Tonight, my girlfriend and I caught this show on PBS about otters. Specifically, baby otters, who’re in desperate need of parents and are being rehabilitated by human help at an aquarium. In the show, the narrator said that baby otters can’t do much for themselves for a long while other than float. That they learn everything from their mothers and that’s how they gain the necessary skills for survival. They sleep, they eat, they poop. The end. It was at that moment in my head I thought, “Heh, I’m better than baby otters.” Something clicked. Am I seriously comparing myself to baby otters? Have I gotten THAT low in my own expectations of myself that I can look at a actual baby animal and think, “My survival skills are better than your survival skills! Suck it bitch!”
If so, that’s really kind of sick.
As I’ve said before, it’s often a good thing to take positive thoughts when you can find them. When you’re depressed, when you could be suicidal, it’s really a good habit to take the few brief thoughts of “maybe I’m ok” that your brain allows to get through the impenetrable sad fog that otherwise permeates your entire existence. They’re slivers of sunshine breaking through closed blinds. A somewhat dim, yet real, bit of hope. But when you get to the point that you’re comparing yourself to baby otters…you may want to rethink your problems. The first issue here is that it’s a baby. It’s not even that it’s an animal. NO baby can survive on their own. It’s like looking at a human baby and going, “Screw your 8 month old, Denise, I am WAY more capable of survival than this sack of flesh!”. That’s wrong, right? People don’t do that. Secondly, it’s an otter. It’s one thing if it were like a rhino or a tiger or something that has to watch out for poachers day in and day out and other animals trying to take its life. Saying I’m better than baby otters is about as bad as saying, “I bet I could beat this three legged dog in a race!” It’s a no win scenario. First, you make everyone around you hate you for trying to physically outshine a handicapped animal, and secondly you’re probably make that dog cry and who makes dogs cry? Assholes, that’s who.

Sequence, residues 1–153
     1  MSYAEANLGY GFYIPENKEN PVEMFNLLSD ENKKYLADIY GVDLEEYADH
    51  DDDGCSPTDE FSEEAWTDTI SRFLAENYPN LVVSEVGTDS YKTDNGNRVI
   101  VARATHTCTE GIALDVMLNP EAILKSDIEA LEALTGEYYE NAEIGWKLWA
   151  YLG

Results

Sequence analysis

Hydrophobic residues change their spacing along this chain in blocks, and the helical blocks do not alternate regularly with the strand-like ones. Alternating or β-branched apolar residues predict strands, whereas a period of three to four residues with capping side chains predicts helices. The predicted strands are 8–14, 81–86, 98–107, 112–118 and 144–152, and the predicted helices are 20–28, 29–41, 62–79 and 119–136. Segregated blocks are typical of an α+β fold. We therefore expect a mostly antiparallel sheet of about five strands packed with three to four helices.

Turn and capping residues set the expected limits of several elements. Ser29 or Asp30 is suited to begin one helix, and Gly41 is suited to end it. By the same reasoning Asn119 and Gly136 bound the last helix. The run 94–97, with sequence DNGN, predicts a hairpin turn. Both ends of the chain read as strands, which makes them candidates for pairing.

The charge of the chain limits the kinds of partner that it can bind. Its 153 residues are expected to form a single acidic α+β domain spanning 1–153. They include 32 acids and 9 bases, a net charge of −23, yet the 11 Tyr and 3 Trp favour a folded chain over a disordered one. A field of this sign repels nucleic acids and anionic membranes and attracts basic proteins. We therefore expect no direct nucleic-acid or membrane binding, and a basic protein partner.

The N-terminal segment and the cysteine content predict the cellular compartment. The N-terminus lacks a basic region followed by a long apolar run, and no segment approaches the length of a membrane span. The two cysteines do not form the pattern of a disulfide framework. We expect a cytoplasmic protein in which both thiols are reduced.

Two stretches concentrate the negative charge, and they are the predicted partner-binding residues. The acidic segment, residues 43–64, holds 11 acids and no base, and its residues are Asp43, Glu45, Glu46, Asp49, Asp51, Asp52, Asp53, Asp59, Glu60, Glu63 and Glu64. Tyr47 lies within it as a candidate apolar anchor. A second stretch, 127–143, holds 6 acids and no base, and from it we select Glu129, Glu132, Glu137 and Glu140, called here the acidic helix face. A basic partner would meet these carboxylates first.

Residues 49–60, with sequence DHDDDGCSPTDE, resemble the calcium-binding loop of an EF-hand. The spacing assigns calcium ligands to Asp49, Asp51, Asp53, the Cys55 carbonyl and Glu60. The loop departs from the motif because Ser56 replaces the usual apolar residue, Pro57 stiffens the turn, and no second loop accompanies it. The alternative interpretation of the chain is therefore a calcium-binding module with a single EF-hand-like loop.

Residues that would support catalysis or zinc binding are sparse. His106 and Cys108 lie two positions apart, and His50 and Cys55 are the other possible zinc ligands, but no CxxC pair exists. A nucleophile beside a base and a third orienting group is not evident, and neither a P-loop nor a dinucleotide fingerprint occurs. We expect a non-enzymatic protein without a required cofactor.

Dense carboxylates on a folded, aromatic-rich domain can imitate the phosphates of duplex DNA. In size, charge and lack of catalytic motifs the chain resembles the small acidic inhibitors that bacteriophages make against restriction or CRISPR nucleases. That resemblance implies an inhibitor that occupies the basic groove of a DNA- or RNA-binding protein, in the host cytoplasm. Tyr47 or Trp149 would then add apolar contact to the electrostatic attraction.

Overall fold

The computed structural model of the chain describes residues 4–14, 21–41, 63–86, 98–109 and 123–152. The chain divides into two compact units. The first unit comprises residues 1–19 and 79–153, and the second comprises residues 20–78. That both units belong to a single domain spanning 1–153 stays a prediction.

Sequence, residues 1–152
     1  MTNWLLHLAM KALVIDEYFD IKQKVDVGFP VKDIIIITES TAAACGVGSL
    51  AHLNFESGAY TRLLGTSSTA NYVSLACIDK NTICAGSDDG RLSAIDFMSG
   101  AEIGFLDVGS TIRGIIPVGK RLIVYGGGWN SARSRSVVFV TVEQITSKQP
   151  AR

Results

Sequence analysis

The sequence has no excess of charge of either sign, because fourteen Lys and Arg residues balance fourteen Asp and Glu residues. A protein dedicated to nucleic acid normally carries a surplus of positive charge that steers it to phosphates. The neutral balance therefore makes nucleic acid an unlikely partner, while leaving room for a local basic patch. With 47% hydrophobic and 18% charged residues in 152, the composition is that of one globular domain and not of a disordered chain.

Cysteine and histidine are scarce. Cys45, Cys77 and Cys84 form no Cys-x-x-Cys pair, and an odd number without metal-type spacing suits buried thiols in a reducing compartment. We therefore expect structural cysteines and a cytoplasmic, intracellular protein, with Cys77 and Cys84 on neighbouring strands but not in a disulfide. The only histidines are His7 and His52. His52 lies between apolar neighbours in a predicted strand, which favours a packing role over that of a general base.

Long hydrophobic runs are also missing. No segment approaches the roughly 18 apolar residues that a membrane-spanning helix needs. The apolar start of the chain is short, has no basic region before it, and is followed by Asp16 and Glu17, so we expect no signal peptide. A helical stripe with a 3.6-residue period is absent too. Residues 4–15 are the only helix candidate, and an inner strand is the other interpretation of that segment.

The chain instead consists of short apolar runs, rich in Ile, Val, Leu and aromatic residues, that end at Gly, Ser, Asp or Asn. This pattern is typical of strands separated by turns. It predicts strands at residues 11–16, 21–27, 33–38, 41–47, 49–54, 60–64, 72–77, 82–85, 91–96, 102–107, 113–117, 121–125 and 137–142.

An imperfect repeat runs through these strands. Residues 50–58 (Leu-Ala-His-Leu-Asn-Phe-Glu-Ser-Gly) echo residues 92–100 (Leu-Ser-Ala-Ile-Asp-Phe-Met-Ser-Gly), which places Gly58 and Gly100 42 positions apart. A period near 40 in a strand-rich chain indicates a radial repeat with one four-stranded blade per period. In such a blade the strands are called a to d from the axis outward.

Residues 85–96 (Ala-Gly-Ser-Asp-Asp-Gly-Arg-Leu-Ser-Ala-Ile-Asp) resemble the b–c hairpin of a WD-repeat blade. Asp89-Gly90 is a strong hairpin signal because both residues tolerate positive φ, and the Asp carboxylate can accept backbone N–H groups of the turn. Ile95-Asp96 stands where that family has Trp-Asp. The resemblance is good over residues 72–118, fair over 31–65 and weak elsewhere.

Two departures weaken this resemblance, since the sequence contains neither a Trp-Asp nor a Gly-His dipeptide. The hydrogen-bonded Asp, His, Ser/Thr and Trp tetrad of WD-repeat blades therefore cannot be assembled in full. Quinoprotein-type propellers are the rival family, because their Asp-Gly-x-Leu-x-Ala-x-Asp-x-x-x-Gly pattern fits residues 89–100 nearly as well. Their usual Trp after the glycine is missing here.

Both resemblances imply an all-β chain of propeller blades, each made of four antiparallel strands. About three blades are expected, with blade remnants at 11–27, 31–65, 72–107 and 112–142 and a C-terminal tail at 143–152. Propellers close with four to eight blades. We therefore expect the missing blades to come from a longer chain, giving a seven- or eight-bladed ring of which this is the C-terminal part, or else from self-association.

Then there’s the entire factor that I had to run down, in my head, the gauntlet of things that I’m better at than baby otters that allow me to survive. I can make my own food. I don’t have natural predators. I’m not going to get caught in fishing nets (I said this last summer, but this summer, I mean it!). So basically that reasoning turns into “because I’m not an otter.” That’s not a good enough reason for anything, let alone comparing myself to baby otters! Comparing yourself to other humans? Now that I understand. If Carl gets a job and you don’t, you wonder what’s wrong with you. You’re applying to just as many jobs as Carl is, you’re trying just as hard, so why isn’t anyone giving you a chance? It makes sense to size yourself up to other humans in terms of comparative success because you’re both from the same species. Otters? Not so much. There’s nothing here to help my claim. I’m not better than otters. Especially not baby otters. Then, in the natural progression of this thought process, I became mad at the baby otters. They’re making me realize what a bitch I am! They’re making me question my motives and my self worth! They’re making me angry at myself for comparing myself to them in the first place! Now I feel worse than I did before I even saw the program!
What in gods name is wrong with me.